Facts vs Inferences
“…it would be very unlikely for unlikely events not to occur.
If you don’t specify a predicted event precisely, there are an indeterminate
number of ways for an event of that general kind to take place.” -- John
“An inference, as we shall use the term, is a statement about the unknown
made on the basis of the known…... Inferences may be carelessly or carefully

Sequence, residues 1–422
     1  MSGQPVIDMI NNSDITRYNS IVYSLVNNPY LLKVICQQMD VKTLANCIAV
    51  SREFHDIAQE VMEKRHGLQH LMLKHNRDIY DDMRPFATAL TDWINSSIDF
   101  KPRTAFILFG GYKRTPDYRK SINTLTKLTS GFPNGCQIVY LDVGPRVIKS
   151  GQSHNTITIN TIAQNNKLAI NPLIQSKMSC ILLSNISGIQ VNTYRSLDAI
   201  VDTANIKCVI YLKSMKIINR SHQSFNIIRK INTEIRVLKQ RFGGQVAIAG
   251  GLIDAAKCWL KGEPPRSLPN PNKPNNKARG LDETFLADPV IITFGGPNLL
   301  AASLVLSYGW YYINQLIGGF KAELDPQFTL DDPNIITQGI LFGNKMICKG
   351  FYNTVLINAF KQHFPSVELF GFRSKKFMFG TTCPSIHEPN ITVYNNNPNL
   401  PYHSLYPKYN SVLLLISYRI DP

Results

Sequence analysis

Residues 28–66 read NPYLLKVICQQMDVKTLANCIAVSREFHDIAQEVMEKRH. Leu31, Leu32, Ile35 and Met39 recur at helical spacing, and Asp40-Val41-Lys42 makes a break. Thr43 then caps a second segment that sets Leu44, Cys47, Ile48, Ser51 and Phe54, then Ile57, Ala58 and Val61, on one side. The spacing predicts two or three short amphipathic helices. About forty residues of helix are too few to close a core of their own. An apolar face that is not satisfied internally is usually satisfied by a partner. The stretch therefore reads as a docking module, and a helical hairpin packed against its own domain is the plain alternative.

made. They may be made on the basis of a great background of previous
experience with the subject-matter, or no experience at all. For example,
the inferences a good mechanic can make about the internal condition of
a motor by listening to it are often startlingly accurate, while the inferences
made by an amateur (if he tries to make any) may be entirely wrong. But
the common characteristic of inferences is that they are statements about
matters which are not directly known, made on the basis of what has been
observed. “—Hayakawa, Language in Thought and Action, p. 41.